By the time you get to page three of the game it’s telling you that it’s more or less built around the idea of being played as an ‘impromptu one-shot’, although multi-session games are not impossible.
“I wouldn’t say it’s strictly for one-shots, but it is ideal for one-shots. Every RPG is built with an assumption about how it ought to be played, whether that’s explicit or not. So the biggest reason Conspiracist is designed for one-shots has to do with my vision for the “ideal” experience of the game. Things start relatively normal, but the weirdness grows exponentially until the plot is so incoherent it just collapses under its own weight. The internal logic of the world falls apart so completely that it doesn’t make intuitive sense to pick up where you left off next session. Conspiracist certainly doesn’t have to go to that extreme. You can bring the story to a meaningful resolution very easily. However, that sort of gonzo vibe lends itself best to one-off games.”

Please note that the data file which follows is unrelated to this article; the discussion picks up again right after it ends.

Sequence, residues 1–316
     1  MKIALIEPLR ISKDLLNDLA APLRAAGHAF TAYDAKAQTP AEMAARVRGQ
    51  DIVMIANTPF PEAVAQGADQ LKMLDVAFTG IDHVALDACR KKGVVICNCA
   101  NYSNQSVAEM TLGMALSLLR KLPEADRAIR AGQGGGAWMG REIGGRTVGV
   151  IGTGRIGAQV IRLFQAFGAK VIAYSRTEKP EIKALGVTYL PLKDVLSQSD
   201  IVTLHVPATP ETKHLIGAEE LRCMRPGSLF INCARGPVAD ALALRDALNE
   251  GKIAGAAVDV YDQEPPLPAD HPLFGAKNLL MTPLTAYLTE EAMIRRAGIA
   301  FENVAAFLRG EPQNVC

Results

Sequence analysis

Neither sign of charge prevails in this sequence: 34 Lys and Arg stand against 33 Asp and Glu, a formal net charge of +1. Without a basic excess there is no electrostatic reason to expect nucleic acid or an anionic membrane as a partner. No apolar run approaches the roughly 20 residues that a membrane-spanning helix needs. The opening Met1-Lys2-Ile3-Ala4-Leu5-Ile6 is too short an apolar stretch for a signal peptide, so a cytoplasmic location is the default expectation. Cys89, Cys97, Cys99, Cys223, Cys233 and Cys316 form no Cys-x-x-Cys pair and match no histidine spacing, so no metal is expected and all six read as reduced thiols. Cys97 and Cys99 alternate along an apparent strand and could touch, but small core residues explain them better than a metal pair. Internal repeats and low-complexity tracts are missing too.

A fair bit of the book is given over to examples of missions, mission briefings, different types of conspiracies, and resources for Controllers and players to learn more about conspiracy theories in general so that they can better contribute to the game. I asked Stirling to provide an example of play, the “craziest/most exciting/most ridiculous” to be precise, that he encountered during playtesting.
“The mission briefing was a 24 pack of Ice Mountain water bottles. My players concluded that they had to go to Ice Mountain (which turned out to be an actual place in real life) to stop Pokémon Go cultists from fluoridating the water supply. Underneath the mountain they discovered an ancient alien temple. It turned out that Pokémon are real but were actually ancient aliens who were going to mutate humans into Pokémon. It turned out that their mountain guide was actually a shadow person in disguise and that the shadow people were at war with Pokémon. It ended with a battle between a swarm of shadow people and the Pokéball mothership for the fate of mankind.”
So, are there are any future projects ahead for Conspiracist, Stirling, and Playful Leviathan Press?